2. fresh air

    maureen corrigan

    panic in a suitcase

    book review

    yelena akhtiorskaya

  1. Marja Mills, a reporter for the Chicago Tribune, spent 18 months living next door to Harper Lee and her sister Alice. Maureen Corrigan reviews Mills’ book about the experience, titled  The Mockingbird Next Door: 

Rather than warmed-over gossip, what The Mockingbird Next Door does offer is a rich sense of the daily texture of the Lee sisters’ lives. By the time she moved to Monroeville, Mills had been diagnosed with Lupus and was out on disability from the Chicago Tribune. Consequently, she entered easily into the world of the Lees and their “gray-haired crew” — all of them shared aching joints and free time to talk about books and local history, to go fishing and take long car rides into the country. Mills says she had to watch herself with Harper, who had more of an “edge” than her older sister Alice. Whereas Harper could shut down a conversation with a frosty stare or a few choice cuss words, Alice comes off as gracious, grounded and principled. During her long legal career, she was a steady proponent of The Civil Rights Movement, prompting Harper Lee to refer to Alice admiringly as: “Atticus in a skirt.”


Photo: Book author Harper Lee and Mary Badham (in the tire swing), who plays Scout in the film version of “To Kill a Mockingbird,” are shown on a film set at Universal Studio in 1961. View in High-Res

    Marja Mills, a reporter for the Chicago Tribune, spent 18 months living next door to Harper Lee and her sister Alice. Maureen Corrigan reviews Mills’ book about the experience, titled  The Mockingbird Next Door

    Rather than warmed-over gossip, what The Mockingbird Next Door does offer is a rich sense of the daily texture of the Lee sisters’ lives. By the time she moved to Monroeville, Mills had been diagnosed with Lupus and was out on disability from the Chicago Tribune. Consequently, she entered easily into the world of the Lees and their “gray-haired crew” — all of them shared aching joints and free time to talk about books and local history, to go fishing and take long car rides into the country. Mills says she had to watch herself with Harper, who had more of an “edge” than her older sister Alice. Whereas Harper could shut down a conversation with a frosty stare or a few choice cuss words, Alice comes off as gracious, grounded and principled. During her long legal career, she was a steady proponent of The Civil Rights Movement, prompting Harper Lee to refer to Alice admiringly as: “Atticus in a skirt.”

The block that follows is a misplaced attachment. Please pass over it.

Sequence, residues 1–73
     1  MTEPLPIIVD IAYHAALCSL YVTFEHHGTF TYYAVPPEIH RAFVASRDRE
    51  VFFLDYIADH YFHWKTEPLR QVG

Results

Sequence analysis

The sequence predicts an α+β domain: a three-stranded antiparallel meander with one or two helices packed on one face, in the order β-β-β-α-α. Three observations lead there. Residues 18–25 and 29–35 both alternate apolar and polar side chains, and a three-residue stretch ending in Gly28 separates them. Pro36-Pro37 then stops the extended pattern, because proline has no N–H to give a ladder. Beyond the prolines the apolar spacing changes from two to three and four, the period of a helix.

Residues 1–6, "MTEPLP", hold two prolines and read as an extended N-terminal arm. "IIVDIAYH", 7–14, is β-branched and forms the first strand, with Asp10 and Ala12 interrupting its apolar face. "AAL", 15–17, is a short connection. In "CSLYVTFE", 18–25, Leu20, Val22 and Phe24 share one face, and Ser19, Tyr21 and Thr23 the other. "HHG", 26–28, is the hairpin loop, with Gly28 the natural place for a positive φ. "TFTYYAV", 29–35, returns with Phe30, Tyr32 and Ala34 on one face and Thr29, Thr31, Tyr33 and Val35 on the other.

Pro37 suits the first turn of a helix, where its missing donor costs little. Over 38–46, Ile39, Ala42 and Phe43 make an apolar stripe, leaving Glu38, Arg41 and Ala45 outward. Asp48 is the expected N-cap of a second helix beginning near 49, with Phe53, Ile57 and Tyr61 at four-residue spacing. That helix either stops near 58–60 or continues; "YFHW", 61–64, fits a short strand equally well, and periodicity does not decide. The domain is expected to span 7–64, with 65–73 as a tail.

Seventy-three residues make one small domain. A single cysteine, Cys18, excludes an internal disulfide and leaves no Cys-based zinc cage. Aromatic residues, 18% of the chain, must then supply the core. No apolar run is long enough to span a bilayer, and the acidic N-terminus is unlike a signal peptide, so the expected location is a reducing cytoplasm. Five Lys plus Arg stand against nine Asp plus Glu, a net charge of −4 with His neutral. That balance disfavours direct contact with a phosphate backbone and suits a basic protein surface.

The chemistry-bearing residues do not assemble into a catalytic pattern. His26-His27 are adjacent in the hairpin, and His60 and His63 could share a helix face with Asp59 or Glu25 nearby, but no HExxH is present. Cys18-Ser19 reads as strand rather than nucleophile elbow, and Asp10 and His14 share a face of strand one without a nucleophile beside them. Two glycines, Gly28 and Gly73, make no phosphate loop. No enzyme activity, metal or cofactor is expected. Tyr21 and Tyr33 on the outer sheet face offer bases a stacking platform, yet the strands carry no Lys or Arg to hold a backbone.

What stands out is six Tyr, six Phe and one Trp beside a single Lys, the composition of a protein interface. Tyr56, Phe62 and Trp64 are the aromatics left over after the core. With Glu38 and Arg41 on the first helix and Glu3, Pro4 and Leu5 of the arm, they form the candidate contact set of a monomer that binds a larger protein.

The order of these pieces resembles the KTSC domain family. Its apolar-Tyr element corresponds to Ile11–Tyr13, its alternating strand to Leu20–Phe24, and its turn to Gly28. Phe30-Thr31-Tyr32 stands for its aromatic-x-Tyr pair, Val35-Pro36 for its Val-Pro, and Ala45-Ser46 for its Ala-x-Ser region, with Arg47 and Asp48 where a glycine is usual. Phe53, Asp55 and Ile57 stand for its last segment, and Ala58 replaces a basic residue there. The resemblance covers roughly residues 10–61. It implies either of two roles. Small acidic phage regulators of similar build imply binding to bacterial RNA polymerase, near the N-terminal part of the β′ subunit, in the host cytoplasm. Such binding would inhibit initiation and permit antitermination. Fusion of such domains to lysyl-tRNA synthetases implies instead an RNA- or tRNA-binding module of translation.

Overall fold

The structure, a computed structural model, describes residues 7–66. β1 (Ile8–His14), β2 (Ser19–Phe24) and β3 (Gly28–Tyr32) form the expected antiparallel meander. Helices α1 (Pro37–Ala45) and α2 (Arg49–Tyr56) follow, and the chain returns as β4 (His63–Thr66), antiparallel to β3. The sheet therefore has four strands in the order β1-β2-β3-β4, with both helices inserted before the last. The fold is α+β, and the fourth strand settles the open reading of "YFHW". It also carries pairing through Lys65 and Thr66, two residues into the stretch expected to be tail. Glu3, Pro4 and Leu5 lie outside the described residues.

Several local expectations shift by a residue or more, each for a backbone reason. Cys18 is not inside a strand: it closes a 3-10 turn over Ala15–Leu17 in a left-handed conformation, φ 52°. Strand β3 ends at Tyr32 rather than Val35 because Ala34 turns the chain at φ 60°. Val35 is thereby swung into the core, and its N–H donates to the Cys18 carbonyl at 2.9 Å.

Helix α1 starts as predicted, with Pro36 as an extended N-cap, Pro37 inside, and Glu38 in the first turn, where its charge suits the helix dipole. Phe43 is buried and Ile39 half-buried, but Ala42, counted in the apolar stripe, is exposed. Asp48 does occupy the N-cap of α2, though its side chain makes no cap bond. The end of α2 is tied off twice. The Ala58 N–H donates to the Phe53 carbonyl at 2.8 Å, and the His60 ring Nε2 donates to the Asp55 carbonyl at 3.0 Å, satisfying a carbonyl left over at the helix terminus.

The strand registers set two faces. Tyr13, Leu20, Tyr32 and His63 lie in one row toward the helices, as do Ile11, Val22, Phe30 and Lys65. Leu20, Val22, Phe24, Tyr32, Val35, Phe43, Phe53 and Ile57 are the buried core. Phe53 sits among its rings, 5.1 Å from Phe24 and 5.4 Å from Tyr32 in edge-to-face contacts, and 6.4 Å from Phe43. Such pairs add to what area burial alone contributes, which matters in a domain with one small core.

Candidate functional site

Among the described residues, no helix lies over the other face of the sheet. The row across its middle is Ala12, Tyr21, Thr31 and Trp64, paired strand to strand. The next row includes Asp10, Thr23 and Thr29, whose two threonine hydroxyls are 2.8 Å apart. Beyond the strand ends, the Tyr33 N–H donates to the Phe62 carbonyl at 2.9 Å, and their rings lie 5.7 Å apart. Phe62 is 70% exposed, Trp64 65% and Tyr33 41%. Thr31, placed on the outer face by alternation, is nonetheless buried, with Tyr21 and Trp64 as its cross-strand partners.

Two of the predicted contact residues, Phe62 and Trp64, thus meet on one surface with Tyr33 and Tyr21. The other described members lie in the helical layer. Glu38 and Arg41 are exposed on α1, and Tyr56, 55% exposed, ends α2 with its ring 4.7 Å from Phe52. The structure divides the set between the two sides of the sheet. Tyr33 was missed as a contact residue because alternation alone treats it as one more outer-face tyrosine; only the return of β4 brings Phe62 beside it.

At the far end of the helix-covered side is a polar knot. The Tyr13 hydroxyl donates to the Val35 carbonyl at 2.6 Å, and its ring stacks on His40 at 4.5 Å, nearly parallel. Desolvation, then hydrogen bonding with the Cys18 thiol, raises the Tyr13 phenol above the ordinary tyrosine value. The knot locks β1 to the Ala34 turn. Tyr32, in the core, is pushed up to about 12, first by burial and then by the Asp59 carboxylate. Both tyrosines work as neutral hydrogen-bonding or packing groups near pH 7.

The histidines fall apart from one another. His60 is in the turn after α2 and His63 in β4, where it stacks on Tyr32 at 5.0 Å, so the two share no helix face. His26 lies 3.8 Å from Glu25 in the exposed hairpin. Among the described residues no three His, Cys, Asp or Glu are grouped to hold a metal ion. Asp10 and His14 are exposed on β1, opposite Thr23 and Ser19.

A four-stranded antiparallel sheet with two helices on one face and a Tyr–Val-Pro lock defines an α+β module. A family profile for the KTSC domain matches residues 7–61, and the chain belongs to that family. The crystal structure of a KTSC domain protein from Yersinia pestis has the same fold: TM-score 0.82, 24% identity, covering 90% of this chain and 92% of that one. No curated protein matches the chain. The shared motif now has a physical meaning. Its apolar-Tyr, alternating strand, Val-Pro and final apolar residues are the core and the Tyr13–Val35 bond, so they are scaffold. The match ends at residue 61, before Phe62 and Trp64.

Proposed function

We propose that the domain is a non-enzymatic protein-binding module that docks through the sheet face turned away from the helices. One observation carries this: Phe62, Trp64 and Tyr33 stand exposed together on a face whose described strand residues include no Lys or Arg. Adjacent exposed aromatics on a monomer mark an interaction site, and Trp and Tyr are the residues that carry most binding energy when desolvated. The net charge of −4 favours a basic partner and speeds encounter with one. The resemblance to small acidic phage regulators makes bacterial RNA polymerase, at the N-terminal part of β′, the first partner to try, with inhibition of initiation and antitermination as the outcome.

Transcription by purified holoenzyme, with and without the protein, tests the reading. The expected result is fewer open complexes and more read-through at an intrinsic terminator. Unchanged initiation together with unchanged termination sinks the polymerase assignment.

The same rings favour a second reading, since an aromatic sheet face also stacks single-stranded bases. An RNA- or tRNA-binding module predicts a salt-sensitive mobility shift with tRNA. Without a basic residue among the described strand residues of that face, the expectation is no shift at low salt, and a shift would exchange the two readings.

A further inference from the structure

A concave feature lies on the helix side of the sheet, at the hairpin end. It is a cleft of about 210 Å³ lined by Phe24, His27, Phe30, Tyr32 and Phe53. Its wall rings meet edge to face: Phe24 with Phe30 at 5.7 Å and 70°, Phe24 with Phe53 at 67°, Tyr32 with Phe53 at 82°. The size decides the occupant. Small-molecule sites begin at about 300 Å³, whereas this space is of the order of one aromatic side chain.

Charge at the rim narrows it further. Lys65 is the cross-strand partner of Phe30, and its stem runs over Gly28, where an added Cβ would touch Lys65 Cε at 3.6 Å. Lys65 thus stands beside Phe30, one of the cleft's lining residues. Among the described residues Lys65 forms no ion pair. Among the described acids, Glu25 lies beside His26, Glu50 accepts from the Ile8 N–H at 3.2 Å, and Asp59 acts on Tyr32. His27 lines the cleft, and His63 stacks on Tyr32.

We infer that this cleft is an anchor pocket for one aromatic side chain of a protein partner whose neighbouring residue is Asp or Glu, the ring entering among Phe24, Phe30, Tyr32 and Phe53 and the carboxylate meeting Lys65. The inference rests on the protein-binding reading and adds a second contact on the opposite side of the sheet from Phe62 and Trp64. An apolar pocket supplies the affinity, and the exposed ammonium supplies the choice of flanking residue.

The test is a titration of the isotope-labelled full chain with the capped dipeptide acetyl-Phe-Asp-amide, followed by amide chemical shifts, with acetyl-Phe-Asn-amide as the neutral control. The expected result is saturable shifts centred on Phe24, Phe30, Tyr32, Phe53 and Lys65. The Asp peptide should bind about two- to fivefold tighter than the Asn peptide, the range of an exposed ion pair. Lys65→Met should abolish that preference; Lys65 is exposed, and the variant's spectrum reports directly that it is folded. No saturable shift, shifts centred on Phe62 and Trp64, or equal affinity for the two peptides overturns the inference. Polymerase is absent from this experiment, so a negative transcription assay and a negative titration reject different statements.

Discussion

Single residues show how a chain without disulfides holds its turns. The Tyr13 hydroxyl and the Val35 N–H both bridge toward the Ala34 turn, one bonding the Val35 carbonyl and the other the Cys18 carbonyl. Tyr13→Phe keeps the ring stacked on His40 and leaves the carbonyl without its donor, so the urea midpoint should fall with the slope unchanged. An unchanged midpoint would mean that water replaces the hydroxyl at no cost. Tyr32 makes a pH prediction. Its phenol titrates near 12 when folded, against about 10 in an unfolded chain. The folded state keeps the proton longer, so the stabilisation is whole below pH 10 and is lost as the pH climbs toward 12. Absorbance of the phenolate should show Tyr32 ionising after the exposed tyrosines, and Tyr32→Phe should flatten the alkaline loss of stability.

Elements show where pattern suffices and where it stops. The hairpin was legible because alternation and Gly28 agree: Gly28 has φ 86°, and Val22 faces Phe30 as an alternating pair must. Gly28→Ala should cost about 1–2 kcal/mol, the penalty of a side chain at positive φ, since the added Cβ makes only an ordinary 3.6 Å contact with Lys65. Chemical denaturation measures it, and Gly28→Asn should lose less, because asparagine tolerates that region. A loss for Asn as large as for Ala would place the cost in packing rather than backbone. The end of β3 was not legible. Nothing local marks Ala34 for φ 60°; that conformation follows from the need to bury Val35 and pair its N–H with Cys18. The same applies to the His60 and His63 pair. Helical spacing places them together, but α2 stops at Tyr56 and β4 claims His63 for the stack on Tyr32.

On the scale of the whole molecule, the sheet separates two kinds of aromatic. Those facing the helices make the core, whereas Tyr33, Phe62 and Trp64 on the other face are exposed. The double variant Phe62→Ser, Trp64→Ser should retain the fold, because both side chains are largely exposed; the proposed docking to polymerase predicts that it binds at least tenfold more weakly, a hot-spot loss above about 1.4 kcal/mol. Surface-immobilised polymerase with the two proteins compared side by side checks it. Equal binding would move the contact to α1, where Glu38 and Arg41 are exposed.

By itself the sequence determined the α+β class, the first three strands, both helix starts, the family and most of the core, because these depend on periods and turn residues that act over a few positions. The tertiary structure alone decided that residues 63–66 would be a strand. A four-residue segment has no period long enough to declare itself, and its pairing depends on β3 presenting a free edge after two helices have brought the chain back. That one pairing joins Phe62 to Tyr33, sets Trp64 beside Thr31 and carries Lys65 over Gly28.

Photo: Book author Harper Lee and Mary Badham (in the tire swing), who plays Scout in the film version of “To Kill a Mockingbird,” are shown on a film set at Universal Studio in 1961.

  2. to kill a mockingbird

    harper lee

    marja mills

    the mockingbird next door

    atticus finch

    review

    maureen corrigan

  1. Maureen Corrigan reviews the 10th anniversary edition of Jacqueline Winspear’s English mystery, Maisie Dobbs, set during WWI: 

"Rereading Maisie Dobbs has made me appreciate anew its subtler strengths—the strengths of a mystery that does a really fine job of playing within the traditional boundaries of the genre.  It’s Winspear’s command of the period detail of Maisie’s Georgian and World War I world, as well as Maisie’s own quiet smarts that make the novel compelling.  Born working class, teenaged intellectual prodigy Maisie toils as a maid in a London townhouse until the day her aristocratic employer catches her in the library reading the philosophical works of David Hume and sends her to Girton College at Cambridge. I know, I know.  This fantasy of benevolent despotism is as bad as the more cloying aspects of Downton Abbey.  But, the occasional sentimental weaknesses of Maisie Dobbs are more than offset by the novel’s sober awareness of all its heroine must give up in order to make her class climb.  When young Maisie leaves the scullery for university, one of her fellow servants comments that:  “Fish can’t survive long out of water… .”  Indeed her solitude puts Maisie in the alienated company of every other first-class detective from Edgar Allan Poe’s Auguste Dupin onward. “